Soils, scale, or elites? Biological innovation in Uruguayan cattle farming, 1880-1913 Articles uri icon

publication date

  • May 2023

start page

  • 498

end page

  • 524


  • 2


  • 76

International Standard Serial Number (ISSN)

  • 0013-0117

Electronic International Standard Serial Number (EISSN)

  • 1468-0289


  • This article examines the economics of innovation in livestock rearing during the first globalisation in Uruguay, the country with the most cattle per person in the world, both then and now. Using a new historical dataset of Uruguayan agriculture, the first one at a sub-provincial level, I exploit regional differences in the adoption of cattle crossbreeding - the genetic improvement of local herds through hybridisation with foreign breeds. Contrary to traditional historiographical claims, I find that this innovation was not primarily explained by the location of enlightened elites (European or local) or by the scale of productive units (i.e. latifundia); rather, rural producers invested in crossbreeding wherever their local landscapes and previous productive choices encouraged it. While it affected biological processes that spanned several agricultural calendars, and thereby developed more slowly than innovations in crop farming, technical change in Uruguayan ranching was also environmentally sensitive, largely scale-neutral, congruent with previous agricultural patterns, and hinged on a widespread response from producers.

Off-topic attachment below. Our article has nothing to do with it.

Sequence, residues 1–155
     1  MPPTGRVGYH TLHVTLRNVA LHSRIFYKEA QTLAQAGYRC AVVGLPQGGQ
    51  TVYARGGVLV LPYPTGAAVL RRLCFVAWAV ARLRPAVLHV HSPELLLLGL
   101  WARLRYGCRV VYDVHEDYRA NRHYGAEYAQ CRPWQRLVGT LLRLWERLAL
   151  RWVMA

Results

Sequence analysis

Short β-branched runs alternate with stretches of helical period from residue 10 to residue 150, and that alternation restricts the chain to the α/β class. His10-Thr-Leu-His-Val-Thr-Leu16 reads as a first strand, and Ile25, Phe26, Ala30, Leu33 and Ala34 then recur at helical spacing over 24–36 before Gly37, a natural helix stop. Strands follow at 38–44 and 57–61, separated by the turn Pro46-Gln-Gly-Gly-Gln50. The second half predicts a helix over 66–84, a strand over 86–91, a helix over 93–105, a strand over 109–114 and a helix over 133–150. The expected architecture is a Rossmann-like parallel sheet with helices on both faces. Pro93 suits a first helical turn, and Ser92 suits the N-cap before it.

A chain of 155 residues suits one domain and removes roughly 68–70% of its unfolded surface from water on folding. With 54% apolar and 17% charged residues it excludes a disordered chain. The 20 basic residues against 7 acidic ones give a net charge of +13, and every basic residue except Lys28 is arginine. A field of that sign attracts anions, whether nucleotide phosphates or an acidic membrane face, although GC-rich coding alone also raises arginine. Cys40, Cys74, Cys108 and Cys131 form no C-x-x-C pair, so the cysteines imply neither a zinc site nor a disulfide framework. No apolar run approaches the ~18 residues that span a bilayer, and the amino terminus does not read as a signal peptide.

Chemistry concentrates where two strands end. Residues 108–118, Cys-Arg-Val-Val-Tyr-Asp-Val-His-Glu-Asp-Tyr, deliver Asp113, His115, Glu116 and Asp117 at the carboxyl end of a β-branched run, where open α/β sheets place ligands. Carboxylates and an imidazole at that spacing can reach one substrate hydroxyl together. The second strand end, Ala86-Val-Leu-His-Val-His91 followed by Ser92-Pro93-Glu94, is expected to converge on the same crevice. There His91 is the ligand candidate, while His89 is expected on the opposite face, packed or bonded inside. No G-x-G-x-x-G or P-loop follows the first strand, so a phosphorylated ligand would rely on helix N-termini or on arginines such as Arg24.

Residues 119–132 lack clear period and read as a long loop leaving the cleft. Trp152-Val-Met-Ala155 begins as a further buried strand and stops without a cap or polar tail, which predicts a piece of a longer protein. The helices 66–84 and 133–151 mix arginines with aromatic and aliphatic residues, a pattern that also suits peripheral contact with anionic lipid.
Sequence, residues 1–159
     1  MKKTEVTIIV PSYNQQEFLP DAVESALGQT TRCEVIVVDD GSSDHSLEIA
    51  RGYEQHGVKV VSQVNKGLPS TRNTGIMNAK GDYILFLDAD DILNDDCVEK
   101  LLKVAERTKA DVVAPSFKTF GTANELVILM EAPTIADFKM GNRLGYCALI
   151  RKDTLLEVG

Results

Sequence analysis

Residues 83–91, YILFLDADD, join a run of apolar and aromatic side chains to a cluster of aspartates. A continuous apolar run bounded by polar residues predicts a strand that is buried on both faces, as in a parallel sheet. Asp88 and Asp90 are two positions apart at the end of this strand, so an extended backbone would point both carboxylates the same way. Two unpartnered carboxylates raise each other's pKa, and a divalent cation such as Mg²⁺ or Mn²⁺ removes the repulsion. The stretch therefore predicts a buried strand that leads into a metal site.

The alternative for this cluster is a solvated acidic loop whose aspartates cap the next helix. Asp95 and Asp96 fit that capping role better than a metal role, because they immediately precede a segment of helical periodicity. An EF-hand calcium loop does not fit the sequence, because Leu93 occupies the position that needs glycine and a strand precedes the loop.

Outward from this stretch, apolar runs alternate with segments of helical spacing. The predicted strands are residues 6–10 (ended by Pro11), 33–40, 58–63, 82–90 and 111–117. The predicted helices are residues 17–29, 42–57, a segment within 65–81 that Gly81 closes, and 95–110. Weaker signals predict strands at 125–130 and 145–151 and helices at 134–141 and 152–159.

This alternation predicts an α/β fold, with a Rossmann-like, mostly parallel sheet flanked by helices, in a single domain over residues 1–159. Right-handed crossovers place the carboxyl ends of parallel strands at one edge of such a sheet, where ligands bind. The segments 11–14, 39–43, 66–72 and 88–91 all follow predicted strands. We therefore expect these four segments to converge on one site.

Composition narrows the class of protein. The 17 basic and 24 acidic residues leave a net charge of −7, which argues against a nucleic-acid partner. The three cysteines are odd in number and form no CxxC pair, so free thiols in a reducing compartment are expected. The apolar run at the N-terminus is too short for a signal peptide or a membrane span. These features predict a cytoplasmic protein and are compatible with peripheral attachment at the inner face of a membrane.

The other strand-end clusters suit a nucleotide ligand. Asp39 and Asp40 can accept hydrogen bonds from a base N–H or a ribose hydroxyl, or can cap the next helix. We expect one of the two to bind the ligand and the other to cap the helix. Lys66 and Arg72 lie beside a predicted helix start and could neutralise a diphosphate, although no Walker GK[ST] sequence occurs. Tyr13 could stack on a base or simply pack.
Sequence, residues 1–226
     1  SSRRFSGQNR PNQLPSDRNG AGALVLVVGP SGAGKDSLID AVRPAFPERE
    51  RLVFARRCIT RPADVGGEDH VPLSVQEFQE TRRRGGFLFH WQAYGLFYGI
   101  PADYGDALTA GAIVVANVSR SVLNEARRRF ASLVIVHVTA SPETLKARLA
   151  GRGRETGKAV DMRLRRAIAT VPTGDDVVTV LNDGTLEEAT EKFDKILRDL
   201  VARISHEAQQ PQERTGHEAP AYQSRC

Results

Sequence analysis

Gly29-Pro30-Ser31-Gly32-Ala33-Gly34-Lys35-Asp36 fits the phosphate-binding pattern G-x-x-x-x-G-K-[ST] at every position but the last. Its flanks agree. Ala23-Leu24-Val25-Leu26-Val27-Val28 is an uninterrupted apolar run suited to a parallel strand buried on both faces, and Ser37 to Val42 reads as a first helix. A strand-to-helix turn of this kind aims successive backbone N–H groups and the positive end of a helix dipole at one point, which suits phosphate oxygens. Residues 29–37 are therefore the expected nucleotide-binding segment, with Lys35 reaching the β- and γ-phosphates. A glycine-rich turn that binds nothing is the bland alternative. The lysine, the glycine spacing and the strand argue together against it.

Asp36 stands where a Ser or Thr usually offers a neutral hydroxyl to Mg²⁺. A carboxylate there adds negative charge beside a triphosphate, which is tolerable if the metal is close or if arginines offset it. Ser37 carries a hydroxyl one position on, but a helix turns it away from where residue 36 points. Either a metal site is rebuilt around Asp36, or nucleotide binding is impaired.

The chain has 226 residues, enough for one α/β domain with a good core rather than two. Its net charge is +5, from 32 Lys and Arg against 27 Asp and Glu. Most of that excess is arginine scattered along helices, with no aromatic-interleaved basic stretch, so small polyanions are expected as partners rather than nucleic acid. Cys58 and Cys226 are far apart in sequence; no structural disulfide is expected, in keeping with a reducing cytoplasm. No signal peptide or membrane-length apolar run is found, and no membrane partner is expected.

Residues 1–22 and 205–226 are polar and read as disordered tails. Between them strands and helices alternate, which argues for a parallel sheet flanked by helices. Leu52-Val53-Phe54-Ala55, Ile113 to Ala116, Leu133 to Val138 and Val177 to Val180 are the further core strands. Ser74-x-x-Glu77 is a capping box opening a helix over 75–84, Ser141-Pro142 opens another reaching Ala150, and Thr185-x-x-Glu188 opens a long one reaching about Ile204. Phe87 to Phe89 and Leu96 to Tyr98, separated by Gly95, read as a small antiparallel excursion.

• Economics
  • History
  • Politics
  • Renewable Energies
  • Sociology


  • agriculture; biological innovation; cattle; elites; first globalisation; latifundia; soils; uruguay